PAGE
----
W3C home > Mailing lists > Public > ietf-http-wg-old@w3.org > September to December 1994

Re: HTTP Caching Model?

From: Daniel W. Connolly <connolly@hal.com>
Date: Thu, 15 Dec 1994 11:15:15 -0600
Message-Id: <9412151715.AA06624@ulua.hal.com>
To: Gavin Nicol <gtn@ebt.com>
Cc: fielding@avron.ICS.UCI.EDU, http-wg%cuckoo.hpl.hp.com@hplb.hpl.hp.com
In message <199412151233.HAA16375@ebt-inc.ebt.com>, Gavin Nicol writes:
>> URI-header      =       "URI" ":" 1#( URI [";" vary] )
>> vary            =       "vary" "=" <"> 1#vary-param <">
>> vary-param      =       "type" / "language" / "version" / "encoding"
>>                 /       extension-vary
>
>The language parameter should not be part of the spec. This assumes
>that a single document will contain a single language.

How so? I see no inconsistency between multi-language documents and a
language preference negociation.  Could you give an example of
problematic behaviour?

> In addition, I
>tend to think that any information that is available in multiple
>languages, will probably be stored as seperate files (or "documents"),
>and hence, would have different URI's. I do not think decisions can
>reasonably be made automatically at the protocol level.

Why not?

Here's an example: a certain European government agency is required
by law to make all its regulations and forms available in English,
French, and German.

A client from France makes a request:

	GET /forms/tax-form-1 HTTP/1.0
	Accept-Language: fr

And the server hands out the french version of the form.
The alternative is the dreaded:

	"Click _here_ for English"
	"Click _here_ for French"
	"Click _here_ for Spanish"

As this is not really current practice, I could live with leaving it
out of the spec. But not because of the reasons you cite.

If there is some place in the spec that says that every entity has a
well-defined, unique Content-Language, that _is_ a bad thing and it
should be fixed. The spec doesn't say anything like "The default
Content-Language is English," does it?

It could perhaps be made clearer, by saying something in 7.6 like

	NOTE: In the absence of an explicit Content-Language header,
	the client should make no assumptions about the language of
	the returned entity, as it might be a language-neutral entity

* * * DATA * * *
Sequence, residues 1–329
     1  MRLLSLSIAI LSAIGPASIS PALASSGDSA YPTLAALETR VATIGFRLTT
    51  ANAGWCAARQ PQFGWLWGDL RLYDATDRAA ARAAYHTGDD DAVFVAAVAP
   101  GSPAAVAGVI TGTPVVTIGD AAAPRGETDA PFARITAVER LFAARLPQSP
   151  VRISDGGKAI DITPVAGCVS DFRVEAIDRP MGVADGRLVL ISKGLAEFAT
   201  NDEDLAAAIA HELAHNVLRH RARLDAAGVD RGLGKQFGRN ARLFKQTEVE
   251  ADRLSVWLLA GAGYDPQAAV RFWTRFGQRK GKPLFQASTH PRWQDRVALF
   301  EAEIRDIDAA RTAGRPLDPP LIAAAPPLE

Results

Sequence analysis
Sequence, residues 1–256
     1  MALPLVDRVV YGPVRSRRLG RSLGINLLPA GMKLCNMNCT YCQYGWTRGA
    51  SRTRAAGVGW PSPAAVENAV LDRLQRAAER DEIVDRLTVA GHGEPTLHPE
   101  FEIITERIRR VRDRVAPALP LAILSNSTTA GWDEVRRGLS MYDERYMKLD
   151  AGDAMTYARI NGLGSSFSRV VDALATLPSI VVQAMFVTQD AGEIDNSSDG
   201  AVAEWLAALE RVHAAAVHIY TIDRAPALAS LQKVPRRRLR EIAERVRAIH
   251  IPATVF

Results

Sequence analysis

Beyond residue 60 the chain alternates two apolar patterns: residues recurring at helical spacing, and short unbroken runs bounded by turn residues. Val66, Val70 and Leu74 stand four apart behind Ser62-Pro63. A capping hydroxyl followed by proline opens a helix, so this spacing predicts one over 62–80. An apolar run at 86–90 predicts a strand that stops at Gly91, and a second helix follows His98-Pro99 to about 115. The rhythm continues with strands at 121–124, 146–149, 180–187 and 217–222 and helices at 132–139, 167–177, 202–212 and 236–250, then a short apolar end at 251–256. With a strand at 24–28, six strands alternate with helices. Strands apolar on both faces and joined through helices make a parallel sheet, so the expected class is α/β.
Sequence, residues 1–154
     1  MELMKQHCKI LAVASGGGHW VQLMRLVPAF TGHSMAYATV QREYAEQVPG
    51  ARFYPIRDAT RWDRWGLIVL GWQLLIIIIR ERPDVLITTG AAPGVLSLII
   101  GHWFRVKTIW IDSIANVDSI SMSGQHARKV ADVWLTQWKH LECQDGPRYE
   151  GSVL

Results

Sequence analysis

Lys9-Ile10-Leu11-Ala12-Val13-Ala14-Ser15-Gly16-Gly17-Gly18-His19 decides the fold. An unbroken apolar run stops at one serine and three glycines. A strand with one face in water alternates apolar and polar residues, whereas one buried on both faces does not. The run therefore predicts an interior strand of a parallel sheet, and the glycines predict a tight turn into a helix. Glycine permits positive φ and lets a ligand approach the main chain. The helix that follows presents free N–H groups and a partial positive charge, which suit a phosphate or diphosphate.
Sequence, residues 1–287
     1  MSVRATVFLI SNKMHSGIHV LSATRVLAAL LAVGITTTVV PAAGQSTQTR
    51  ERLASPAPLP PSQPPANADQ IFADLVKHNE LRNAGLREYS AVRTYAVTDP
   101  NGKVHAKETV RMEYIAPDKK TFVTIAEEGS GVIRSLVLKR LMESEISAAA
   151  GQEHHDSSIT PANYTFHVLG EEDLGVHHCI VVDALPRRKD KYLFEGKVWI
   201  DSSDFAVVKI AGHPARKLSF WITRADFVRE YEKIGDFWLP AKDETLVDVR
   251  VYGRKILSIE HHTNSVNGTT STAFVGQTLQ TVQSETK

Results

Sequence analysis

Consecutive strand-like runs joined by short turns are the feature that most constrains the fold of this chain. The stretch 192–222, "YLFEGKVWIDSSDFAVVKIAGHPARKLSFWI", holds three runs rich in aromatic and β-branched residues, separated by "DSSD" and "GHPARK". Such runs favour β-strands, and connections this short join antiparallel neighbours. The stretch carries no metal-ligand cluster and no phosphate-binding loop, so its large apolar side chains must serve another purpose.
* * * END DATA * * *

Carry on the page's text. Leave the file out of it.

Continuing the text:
such as a graphic, or it might be a multi-language document.

But I don't see that having an Accept-Language negociation implies
that every entity has a unique Content-Language.


> They are
>rather, a navigational problem (and this might also be better handled
>at the markup level via the LANG element).

How would the LANG element contribute to a solution?


By the way... is it a fault for a server to send an entity with a
Content-Type not listed in the Accept: header of the request?
Hmmm... the "406 None Acceptable" header seems to imply that it is.

Now that I think about it, it shouldn't be.

If a server has several representations of an object, it is bound to
return one that minimizes the penalty function defined by the
negociation algorithm. There may be a unique representation that
minimizes the penalty, or there may be two or more that are equally,
but minimally "bad." In that case, the server may return either of the
equally bad representations.

If a client accepts only HTML, and the server has only postscript, then
the postscript representation does in fact minimize the penalty function,
and the server may return that representation, no?

I believe this matches current practice. Has anybody done any testing
on this?

Perhaps there should be a new header, say "Max-Penalty." The
interaction is similar to the If-Modified-Since header: the client
gives a maximum tolerable value for the penalty function. If all
representations exceed that maximum, then the server responds with:

	406 No suitable representation

This would require that the actual calculation of the penalty function
-- rather than just its general properties -- be specified in the
protocol.

Dan
Received on Thursday, 15 December 1994 09:29:52 EST

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